Re: Bailer twine across road to guide cows - I hit it !.. Advice pls

Postby peetee » 26 Aug 2020, 11:47pm

PH wrote:I wouldn't accept it, I would report it whether the farmer agreed to pay in full or not.
To me it's an act of absolute stupidity.


This.
Your damages are bad enough, the results of a motorcyclist colliding with the twine at 40+mph don’t bear thinking about.
Taking legal action against him is probably the most effective way of preventing this happening again with more serious consequences.
I would not let the lack of footage put me off pursuing this. It’s difficult to imagine the presence of the twine on one post could be inspiration enough for creating a fictitious story such as you have described so I doubt the validity of your claim will be questioned.
Current status report:
Back on two wheels in deepest Pastyland and loving every minute. Mission: to enjoy big, bad hills again.

slowster
Posts: 1686
Joined: 7 Jul 2017, 10:37am

Re: Bailer twine across road to guide cows - I hit it !.. Advice pls

Postby slowster » 27 Aug 2020, 12:55am

A few comments:

1. The farmer probably has public liability insurance cover, because I am pretty sure it's normal for farmers to have a combined insurance policy which covers farm buildings, livestock, farm machinery, employers' liability and public liability, most likely with NFU Mutual who insure most farmers. Although he might initially want to settle the matter privately without notifying his insurer, I expect that might well change if and when you make a formal claim using the small claims procedure, and that at that point he would pass the matter to his insurer, who would probably be better/easier for you to deal with.

2. There is a lot of case law about road users hitting poorly signed/lit hazards placed in the road and consquent legal liability for resulting damage and injury, and specifically about what is and is not adequate signage and lighting. A piece of plastic tied to the twine is so far below what would be required that if the farmer admits to doing that to his insurer/solicitor, or you have good evidence that that is what he did even if he tries to deny it, then it will not go to court because he would inevitably lose, and instead his insurer/solicitor would enter into negotiation over how much to pay you (quantum), rather than dispute liability.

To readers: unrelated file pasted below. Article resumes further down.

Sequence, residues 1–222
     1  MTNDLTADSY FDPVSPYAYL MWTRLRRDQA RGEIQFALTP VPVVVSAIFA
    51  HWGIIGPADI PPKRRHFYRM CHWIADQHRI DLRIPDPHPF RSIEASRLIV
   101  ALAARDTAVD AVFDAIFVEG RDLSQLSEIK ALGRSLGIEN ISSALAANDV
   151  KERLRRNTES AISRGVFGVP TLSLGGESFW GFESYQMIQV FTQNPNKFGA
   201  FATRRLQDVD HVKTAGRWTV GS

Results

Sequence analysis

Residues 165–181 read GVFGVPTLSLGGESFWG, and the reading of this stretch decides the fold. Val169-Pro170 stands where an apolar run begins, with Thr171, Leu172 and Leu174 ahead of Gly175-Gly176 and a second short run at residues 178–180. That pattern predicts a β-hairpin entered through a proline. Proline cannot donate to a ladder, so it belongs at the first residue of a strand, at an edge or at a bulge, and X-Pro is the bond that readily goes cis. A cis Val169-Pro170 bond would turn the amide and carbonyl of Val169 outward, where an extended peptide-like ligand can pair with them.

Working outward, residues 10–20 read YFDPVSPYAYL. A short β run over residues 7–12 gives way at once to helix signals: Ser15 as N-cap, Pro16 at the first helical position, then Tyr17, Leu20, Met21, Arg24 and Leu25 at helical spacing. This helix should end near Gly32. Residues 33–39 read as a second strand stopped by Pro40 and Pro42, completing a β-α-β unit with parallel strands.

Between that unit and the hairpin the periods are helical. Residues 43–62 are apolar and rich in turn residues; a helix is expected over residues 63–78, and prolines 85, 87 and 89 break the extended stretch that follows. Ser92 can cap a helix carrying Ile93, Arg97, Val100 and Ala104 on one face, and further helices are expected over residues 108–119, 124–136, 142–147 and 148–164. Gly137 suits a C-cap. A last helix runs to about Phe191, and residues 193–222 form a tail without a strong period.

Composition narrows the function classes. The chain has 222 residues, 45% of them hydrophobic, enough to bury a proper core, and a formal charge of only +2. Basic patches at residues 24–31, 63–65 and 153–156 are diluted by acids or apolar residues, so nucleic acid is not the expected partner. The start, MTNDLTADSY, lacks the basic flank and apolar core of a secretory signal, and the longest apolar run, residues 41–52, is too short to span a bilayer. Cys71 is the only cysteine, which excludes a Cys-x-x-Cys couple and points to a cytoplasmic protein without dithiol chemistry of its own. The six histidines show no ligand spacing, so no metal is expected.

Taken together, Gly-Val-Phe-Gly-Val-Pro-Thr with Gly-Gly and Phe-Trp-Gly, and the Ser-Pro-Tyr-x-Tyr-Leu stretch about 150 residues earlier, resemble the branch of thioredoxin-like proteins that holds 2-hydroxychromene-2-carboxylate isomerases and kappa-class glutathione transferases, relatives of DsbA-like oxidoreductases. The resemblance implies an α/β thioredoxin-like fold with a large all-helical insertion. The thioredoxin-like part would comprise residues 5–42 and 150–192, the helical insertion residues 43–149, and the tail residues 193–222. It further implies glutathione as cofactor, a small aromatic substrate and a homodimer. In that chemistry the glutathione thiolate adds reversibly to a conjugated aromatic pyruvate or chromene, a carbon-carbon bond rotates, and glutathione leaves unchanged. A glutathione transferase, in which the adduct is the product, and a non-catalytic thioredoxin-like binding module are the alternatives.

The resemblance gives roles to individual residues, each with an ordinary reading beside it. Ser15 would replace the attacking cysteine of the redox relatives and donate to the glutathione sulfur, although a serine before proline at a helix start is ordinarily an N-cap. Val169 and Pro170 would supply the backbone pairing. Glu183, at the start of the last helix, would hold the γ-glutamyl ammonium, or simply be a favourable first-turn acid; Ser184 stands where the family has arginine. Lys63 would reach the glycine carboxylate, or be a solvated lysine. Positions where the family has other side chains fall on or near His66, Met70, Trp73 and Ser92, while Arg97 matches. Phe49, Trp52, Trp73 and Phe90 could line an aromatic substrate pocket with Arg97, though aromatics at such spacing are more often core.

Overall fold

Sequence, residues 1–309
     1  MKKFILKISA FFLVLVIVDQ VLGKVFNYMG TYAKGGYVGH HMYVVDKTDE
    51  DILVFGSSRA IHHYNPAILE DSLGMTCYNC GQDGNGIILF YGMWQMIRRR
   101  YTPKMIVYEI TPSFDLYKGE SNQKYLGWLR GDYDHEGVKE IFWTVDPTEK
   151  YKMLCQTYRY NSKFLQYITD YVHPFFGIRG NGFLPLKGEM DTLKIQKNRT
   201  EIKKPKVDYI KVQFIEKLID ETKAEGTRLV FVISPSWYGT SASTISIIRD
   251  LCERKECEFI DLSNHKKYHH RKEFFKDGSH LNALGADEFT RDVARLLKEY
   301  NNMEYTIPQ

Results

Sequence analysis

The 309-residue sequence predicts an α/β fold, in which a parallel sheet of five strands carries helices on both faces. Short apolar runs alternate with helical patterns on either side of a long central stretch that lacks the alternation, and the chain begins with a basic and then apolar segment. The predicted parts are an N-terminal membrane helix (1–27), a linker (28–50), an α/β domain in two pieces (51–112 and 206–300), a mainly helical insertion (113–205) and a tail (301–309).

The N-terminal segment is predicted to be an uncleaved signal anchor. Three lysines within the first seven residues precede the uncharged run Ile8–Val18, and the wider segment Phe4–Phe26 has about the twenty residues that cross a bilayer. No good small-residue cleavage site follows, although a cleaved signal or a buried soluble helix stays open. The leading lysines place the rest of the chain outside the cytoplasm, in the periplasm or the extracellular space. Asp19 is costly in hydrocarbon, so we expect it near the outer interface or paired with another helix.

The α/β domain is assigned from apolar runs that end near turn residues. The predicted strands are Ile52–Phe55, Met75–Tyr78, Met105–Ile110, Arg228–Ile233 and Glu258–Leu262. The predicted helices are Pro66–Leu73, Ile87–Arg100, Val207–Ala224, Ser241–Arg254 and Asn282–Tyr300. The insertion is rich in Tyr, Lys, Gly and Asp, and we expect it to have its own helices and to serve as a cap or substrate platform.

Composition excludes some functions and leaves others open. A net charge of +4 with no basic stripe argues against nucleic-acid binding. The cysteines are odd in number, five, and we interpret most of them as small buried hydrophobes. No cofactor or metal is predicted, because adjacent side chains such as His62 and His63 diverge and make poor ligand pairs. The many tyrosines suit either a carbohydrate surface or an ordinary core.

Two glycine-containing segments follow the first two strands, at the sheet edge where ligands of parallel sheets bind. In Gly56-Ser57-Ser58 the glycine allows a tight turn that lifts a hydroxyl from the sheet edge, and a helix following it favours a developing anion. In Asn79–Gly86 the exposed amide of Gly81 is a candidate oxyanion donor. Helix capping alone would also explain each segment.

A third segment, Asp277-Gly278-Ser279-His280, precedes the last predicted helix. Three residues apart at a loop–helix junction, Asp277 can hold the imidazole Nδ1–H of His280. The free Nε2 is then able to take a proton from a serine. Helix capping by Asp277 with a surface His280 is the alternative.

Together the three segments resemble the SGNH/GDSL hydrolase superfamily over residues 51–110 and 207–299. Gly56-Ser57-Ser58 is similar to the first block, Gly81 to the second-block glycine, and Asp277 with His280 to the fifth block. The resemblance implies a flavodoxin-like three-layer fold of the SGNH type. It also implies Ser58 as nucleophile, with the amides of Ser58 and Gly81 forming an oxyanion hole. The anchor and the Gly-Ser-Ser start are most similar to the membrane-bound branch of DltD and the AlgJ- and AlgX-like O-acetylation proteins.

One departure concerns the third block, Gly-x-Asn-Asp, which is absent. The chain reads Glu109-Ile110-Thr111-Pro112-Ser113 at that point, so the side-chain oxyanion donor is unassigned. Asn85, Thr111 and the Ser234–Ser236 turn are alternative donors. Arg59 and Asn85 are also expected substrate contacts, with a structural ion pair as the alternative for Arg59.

3. If the farmer changes his story and denies tying the twine across the road, then the matter will be decided by a court on the balance of probabilities, or put crudely which of you they think is most likely to be lying. So gather whatever evidence you can, including photographs of the damage to your bike and any injuries. Take a camera as well on your future commutes, and if you find the twine across the road again take photographs with a date stamp. Even if you don't see the twine in place again, take photographs in daylight of where it happened.

4. I think it would be worth reporting to the police on the grounds of the very serious potential danger the farmer is creating on the road. The fact that the farmer is not stringing the twine across the road with the intention of injuring a cyclist is beside the point: regardless of intention or criminal intent it could cause severe/life changing injuries and even kill a cyclist. A possible benefit of doing so is that if the police act on your report and speak to the farmer to get his side of the story and the farmer admits to them that he placed the twine across the road, then you may be able to use that admission in your claim (assuming you are able to get hold of a copy of the police report, or the police provide you with an update confirming that the farmer admitted it).